What causes sleep problems for older children?
The majority of babies start show signs of sleeping through the night any time from around six months onwards – but that doesn’t mean they will always sleep through, or that sleeplessness is a thing of the past.
There are lots of common issues that can affect the sleep of toddlers and older children, but there are many strategies you can try to get them back into good sleeping habits.
When you’re faced with an active toddler who doesn’t want to go to bed (especially one who’s big enough to run away from you), bedtimes can sometimes become a battleground with your little one pushing the boundaries later and later every night.
However lively they are, even big, grown-up four-year-olds usually need around 12 hours sleep every night. Bedtime should be a cuddly, relaxing time that both parent and child can enjoy. So what can you do to calm things down?
Routine, routine, routine
Just like with younger babies, consistency and routine are crucial to happy bedtimes. Your routine might be as simple as ‘milk, cuddle, story’, but knowing that the wind-down to bedtime will be the same every night will really help your little one get used to settling for the night.
If you’re currently stuck with a bedtime that’s drifted later than you’d like, make a point of sticking to a wind-down routine, starting about 20 minutes before they normally fall asleep – then gradually move the beginning of that routine a bit earlier every night until you hit the bedtime you want.
Barriers to falling asleep
If your little one finds it hard to settle at bedtime, or is constantly getting out of bed, it’s useful to first of all think about any practical things that might be stopping them from dropping off.
Make sure they’ve got everything they need to snuggle down – have a drink within reach, a nightlight if you use one, and of course any special toy or comforter that helps them settle. Ensure that their bedroom is calm and quiet, and that they’re not too hot or too cold in bed.
If you’re concerned that your child’s day-to-day worries might be what’s keeping them awake, try setting aside some time before bed to talk through the day together. This can be particularly useful for older children who are negotiating things like starting school and getting in the habit of talking about feelings can help little ones understand their own emotions as well as those of other people.
If you think that getting up is becoming a habit without any specific cause, it’s a good idea to decide how you prefer to handle this in your family and stick to one consistent approach.
For example, some parents choose to calmly and quietly take the child back to bed each time, with minimal conversation, while others find a cuddle with mum or dad will help their little one settle down.
Milestones and multitasking
If your child’s sleep habits change suddenly, or a toddler who’s always been good at having naps is suddenly all about being awake, it’s worth thinking about what else is currently going on in their lives – for example, are they working hard to master a new physical skill?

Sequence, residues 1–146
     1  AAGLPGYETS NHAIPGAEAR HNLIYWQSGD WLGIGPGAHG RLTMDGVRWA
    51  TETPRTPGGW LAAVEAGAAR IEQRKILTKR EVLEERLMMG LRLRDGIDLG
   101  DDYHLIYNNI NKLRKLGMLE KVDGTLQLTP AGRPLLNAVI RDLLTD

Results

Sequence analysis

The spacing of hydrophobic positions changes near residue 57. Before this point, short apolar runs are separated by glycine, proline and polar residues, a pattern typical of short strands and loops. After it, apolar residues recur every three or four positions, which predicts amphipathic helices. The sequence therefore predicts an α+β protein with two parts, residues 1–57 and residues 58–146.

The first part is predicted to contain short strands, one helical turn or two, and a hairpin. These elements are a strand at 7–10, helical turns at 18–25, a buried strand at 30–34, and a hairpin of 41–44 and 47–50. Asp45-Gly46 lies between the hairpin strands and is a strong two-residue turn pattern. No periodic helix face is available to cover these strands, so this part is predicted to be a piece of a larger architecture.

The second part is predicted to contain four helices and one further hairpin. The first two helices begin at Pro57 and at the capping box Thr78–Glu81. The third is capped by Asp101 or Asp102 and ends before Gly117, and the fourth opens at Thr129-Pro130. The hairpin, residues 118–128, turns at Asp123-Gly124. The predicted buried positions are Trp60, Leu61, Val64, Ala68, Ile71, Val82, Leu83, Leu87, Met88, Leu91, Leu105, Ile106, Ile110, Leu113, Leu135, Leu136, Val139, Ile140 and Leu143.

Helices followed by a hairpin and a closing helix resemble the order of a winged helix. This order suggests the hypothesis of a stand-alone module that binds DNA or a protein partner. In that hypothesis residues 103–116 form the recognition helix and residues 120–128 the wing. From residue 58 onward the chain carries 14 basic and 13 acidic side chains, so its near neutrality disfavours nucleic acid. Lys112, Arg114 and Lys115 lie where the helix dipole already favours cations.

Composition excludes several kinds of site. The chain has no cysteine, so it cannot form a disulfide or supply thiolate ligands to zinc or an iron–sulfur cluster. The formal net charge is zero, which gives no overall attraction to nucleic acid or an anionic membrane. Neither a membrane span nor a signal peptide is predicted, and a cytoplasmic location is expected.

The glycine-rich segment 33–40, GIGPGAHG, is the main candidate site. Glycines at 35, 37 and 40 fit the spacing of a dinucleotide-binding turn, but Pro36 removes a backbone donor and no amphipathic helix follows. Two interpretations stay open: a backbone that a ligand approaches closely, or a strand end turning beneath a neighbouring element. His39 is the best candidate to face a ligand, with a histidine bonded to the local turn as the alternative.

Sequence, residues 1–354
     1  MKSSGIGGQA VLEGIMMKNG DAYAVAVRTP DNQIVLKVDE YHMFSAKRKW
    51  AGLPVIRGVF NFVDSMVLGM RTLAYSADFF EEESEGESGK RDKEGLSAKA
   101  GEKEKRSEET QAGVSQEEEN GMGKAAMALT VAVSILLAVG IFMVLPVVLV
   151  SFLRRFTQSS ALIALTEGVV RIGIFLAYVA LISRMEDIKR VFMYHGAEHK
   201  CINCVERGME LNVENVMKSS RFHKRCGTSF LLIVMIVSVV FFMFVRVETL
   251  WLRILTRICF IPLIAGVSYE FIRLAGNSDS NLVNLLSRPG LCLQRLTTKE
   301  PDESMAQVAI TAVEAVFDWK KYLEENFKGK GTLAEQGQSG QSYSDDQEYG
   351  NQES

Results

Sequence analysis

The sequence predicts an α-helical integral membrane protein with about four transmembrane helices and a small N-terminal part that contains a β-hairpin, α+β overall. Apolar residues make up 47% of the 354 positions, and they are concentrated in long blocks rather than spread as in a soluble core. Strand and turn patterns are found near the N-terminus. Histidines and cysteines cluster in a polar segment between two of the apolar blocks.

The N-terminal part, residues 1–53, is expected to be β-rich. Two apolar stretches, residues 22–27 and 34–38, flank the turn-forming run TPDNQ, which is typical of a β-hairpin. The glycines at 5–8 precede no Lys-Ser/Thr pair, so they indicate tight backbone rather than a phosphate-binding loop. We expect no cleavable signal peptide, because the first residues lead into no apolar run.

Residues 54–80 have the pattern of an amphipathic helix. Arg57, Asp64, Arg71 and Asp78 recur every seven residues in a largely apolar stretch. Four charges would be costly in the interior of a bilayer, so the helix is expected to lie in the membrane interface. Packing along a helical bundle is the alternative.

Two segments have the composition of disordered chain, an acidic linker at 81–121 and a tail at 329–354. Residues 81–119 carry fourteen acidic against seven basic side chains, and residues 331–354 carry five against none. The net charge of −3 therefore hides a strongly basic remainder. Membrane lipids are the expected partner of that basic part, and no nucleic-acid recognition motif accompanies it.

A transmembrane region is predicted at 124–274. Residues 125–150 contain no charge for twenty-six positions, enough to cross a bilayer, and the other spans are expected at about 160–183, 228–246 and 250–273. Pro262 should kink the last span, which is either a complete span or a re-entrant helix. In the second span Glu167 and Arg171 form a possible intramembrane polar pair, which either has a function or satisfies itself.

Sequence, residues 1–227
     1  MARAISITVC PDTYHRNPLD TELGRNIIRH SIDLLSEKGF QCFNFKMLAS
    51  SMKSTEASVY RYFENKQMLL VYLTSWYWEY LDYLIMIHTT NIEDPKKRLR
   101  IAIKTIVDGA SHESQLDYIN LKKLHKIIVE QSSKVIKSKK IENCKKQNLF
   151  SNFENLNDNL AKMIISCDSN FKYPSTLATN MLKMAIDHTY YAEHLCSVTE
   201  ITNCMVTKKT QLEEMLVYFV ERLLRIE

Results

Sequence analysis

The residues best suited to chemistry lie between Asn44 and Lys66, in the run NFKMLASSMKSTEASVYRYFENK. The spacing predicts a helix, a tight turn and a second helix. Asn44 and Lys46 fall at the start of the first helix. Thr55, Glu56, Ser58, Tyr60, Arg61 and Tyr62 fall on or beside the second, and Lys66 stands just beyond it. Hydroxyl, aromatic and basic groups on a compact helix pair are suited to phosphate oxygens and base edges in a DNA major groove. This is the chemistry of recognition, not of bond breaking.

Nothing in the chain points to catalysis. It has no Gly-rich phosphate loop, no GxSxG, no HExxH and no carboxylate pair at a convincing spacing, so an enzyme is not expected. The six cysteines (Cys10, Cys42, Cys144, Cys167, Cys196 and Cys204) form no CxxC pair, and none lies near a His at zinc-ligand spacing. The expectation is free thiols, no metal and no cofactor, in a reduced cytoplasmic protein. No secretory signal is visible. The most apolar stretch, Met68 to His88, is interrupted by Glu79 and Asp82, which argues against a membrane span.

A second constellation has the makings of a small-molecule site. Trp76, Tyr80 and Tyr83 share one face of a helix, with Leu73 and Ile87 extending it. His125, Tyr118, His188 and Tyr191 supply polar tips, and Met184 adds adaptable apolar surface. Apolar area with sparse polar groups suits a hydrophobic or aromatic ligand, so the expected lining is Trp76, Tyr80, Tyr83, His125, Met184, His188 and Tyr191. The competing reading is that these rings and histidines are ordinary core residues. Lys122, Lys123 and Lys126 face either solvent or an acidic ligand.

When children are focusing all their energy on achieving a big developmental milestone like walking, talking or potty training, it’s perfectly normal to see some of their other skills (like bedtime or sleeping) slide back a bit. Extra cuddles and some early nights can be a good idea when little ones are getting to grips with a new stage.
Night terrors and sleepwalking
Both night terrors and sleepwalking are things that can happen to children when deep sleep gets interrupted suddenly and the body becomes active, albeit in an automatic, non-thinking, non-receptive way.
Night terrors are different to nightmares, and can be really frightening to witness as a parent. A child in the grip of night terrors may appear not to recognise you, and might be hard to comfort as they scream and thrash about. If you’re faced with this, the best way to handle it is to stay calm and try not to intervene.
Once the episode has ended, gently wake your child up, comfort them if they’re distressed, and make sure that they’ve woken up fully before settling them down to sleep again. Luckily, children are unlikely to remember episodes of night terrors the following day – and it is something that little ones will grow out of.
Sleepwalking is another common problem that’s rooted in deep sleep being interrupted. It’s slightly more common in older children (aged over 5). If you come across your child sleepwalking, don’t try to wake them up. Talk to them calmly and quietly and see if they will follow your instructions to go back to bed. Stay close to make sure they don’t hurt themselves, and gently guide them back to bed.
The majority of children aren’t reliably dry at night until they’re somewhere between 3.5 and 4 years old. But accidents happen from time to time, even once your little one is toilet trained at night – especially if they’re poorly, overtired, or having nightmares. The key here is to stay calm and relaxed about bedwetting, and reassure your child that it’s not a problem. Make good toilet habits part of their bedtime routine, and don’t make a big deal of it when they have an accident.
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